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Global carbon markets need price transparency, rule harmonization to mature


Cross-market rules under negotiation as part of Paris agreement

Using markets to hit national targets could save $340 billion annually

  • Author
  • Jared Anderson
  • Editor
  • Richard Rubin
  • Commodity
  • Energy
  • Topic
  • Energy Transition Environment and Sustainability

Global carbon markets are evolving as more countries select carbon dioxide trading schemes to help meet their nationally determined contributions under the Paris climate agreement, but work remains on standardizing rules and transparent pricing, market experts said Sept. 24.

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"Price transparency is the building block for any institutional commodity business and without price transparency we can have no confidence in the value of our positons," Ariel Perez, head of environmental products at merchant commodities firm Hartree Partners, said during a virtual New York City Climate Week event hosted by IHS Markit.

Without that confidence "you can't finance inventory" and without that it is very difficult to finance projects that reduce greenhouse gas emissions, Perez said.

A major bottleneck to the development of a voluntary carbon market where institutional pools of capital are looking to generate emissions reductions that could be sold to voluntary buyers is the fact that they do not really know the true value of the commodity they would generate through their investments, he said.

Having pricing reference data enables the creation of price benchmarks and thus the creation of new products like futures swaps, Nick Godec, index product manager for tradable indices at IHS Markit, said.

But in the grand scheme of commodity markets, carbon trading markets are still nascent and have dramatically evolved in recent years, Katie Sullivan, managing director at the non-profit International Emissions Trading Association.

"Governments are moving forward with leaning into the role of emissions trading, markets or cooperation and linkage to reach their mid-term climate change targets," Sullivan said.

In 2014 and 2015 around 100 countries had committed to using international trading markets to reach their intended nationally determined contributions or enhance their level of ambition toward climate change goals, she said.

NDCs represent efforts by each country to reduce national emissions and adapt to climate change impacts. The Paris Agreement requires each party to "prepare, communicate and maintain successive" NDCs that it intends to achieve, according to the United Nations Framework Convention on Climate Change.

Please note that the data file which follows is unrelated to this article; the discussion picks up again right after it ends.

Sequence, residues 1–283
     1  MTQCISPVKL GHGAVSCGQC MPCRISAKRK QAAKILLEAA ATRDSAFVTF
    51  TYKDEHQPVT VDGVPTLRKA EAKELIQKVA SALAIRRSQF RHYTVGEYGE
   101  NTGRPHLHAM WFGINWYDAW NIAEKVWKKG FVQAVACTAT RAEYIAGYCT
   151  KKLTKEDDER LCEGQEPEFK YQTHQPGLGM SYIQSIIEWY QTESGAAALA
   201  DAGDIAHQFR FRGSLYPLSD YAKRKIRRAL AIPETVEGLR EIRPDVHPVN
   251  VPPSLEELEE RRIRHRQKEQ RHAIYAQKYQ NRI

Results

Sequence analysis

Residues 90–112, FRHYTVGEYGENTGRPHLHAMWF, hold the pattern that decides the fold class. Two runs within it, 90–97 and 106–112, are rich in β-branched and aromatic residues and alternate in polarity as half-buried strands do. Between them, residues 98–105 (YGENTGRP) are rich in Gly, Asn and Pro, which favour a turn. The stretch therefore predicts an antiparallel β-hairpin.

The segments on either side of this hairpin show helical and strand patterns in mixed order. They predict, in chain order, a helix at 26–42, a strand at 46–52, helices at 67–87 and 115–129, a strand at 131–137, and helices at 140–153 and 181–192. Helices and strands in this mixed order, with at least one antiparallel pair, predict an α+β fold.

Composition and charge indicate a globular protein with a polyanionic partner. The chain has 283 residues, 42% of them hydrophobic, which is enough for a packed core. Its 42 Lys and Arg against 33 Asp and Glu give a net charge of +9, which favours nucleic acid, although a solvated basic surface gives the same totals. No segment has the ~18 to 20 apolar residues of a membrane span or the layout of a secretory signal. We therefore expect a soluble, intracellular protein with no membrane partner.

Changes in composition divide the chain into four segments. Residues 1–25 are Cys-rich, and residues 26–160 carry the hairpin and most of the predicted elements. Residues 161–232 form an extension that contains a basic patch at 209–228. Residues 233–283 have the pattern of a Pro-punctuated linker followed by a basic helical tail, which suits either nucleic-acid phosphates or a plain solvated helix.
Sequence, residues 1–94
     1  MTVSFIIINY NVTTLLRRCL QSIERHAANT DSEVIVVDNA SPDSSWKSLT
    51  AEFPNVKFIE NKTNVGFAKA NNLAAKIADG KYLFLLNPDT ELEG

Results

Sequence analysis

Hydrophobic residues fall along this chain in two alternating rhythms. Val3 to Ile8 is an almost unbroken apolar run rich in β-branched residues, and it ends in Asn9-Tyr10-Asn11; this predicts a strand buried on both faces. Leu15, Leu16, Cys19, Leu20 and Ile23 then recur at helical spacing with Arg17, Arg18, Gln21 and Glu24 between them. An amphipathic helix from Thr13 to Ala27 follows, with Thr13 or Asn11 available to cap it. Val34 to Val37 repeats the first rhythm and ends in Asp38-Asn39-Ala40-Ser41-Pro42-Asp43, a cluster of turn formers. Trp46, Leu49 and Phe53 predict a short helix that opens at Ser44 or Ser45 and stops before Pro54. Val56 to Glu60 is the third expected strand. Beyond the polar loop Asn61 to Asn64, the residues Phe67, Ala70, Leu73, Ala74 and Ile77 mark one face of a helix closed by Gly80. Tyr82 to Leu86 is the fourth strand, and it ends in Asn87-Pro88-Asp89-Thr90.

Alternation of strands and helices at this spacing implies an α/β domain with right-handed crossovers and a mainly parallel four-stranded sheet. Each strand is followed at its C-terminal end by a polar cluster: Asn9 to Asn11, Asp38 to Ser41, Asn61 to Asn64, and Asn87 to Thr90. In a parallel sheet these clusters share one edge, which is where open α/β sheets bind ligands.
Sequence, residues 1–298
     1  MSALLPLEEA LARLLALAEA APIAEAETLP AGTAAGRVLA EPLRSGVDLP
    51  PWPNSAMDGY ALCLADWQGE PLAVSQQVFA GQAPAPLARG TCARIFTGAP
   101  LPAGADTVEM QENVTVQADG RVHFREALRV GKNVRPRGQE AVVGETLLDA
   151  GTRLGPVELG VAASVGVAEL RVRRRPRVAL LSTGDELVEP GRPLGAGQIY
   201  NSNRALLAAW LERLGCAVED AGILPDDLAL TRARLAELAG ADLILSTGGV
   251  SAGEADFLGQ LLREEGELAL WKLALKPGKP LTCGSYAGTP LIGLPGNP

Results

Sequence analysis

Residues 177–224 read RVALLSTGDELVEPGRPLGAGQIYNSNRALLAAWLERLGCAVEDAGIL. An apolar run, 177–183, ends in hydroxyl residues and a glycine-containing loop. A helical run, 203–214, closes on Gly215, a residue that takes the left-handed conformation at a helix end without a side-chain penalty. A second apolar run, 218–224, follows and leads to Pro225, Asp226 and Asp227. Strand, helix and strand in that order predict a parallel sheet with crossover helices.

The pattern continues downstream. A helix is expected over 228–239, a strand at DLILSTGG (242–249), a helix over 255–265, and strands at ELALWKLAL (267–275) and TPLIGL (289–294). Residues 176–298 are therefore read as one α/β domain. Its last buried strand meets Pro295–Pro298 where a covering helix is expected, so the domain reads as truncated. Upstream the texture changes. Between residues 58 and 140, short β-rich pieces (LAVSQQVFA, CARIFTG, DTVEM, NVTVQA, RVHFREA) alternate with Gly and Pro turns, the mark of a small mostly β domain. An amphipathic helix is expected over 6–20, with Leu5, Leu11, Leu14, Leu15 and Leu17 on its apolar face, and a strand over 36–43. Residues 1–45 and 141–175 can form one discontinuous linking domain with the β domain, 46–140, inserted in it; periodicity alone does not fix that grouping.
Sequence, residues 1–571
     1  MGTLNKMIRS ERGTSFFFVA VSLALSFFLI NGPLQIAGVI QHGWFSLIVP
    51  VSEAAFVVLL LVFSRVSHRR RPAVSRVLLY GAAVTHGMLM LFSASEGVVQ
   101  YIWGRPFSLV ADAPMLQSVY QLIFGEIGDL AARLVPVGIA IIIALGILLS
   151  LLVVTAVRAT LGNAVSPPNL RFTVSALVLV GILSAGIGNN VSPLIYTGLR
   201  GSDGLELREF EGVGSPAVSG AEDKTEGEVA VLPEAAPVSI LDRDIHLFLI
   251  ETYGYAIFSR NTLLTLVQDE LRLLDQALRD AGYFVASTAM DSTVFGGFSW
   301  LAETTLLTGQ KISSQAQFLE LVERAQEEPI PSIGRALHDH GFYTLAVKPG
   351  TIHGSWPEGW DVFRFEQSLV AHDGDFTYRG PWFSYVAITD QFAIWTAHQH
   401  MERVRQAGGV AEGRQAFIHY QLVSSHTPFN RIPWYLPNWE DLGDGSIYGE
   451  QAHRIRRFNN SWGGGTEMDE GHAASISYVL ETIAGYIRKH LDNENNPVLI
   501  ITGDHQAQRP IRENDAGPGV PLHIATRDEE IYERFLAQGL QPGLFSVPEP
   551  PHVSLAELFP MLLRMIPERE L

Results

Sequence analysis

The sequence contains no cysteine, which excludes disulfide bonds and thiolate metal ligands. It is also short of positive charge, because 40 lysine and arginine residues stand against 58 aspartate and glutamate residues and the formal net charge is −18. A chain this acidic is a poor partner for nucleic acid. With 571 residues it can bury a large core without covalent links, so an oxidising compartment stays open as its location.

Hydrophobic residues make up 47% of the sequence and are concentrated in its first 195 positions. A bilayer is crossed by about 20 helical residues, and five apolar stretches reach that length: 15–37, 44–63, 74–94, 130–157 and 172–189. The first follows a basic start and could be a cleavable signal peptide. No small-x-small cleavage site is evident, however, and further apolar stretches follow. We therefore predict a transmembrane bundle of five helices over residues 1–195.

Some countries may be able to meet their NDCs, but require financing through exporting carbon credits, Sullivan said.

Article 6 of Paris Agreement

Article 6 of the Paris Agreement allows for countries to cooperate though markets to reach their NDCs and this has been a point of negotiation over the past few years as countries work to streamline the rules around the global climate agreement, she said.

"Operationalizing Article 6" will be a main point of focus at the Conference of Parties in Glasgow next year, Sullivan said, which is important because there are over 30 emissions trading systems or carbon markets around the world which are like islands with their own rules, assets, compliance tools and tracking systems.

It can be challenging to comply and operate across these diverse markets as participants face different levels of exposure, pricing, rules and accounting, so ideally going forward there will be more fungibility across these systems as they evolve, she said.

Asked about what is needed for carbon markets to mature, Perez said the fundamental price of a carbon permit should be linked to the price at which a company can reduce its demand and not need to buy a carbon permit, or abatement price.

The same logic holds true for an investor who is long a portfolio of companies that have emissions and are under regulatory regimes. Carbon market investments are probably "the cleanest climate hedge that exists" because it represents the price polluters have to pay to pollute, he said.

For investors trying to minimize carbon exposure there are limited ways to slice and dice a portfolio and re-weight it to the "good guys versus the bad guys" and at some point there will be a residual exposure that can be cleanly eliminated by hedging with carbon permits, Perez said.

Sullivan said IETA did some modeling with the University of Maryland around the cost of meeting country NDCs through carbon trading versus going it alone that found the use of carbon markets could save $340 billion dollars per year.

And while she feels "optimistic" about the negotiations around COP 26 and reaching a resolution on Article 6, "there is still a ton of work to do."